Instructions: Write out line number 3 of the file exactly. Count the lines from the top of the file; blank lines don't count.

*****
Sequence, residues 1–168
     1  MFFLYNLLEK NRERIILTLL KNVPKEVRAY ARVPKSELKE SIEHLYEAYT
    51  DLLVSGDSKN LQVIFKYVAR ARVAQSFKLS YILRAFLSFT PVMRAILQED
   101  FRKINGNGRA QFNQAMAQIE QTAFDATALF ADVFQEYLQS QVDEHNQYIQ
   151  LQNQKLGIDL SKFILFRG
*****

    51  DLLVSGDSKN LQVIFKYVAR ARVAQSFKLS YILRAFLSFT PVMRAILQED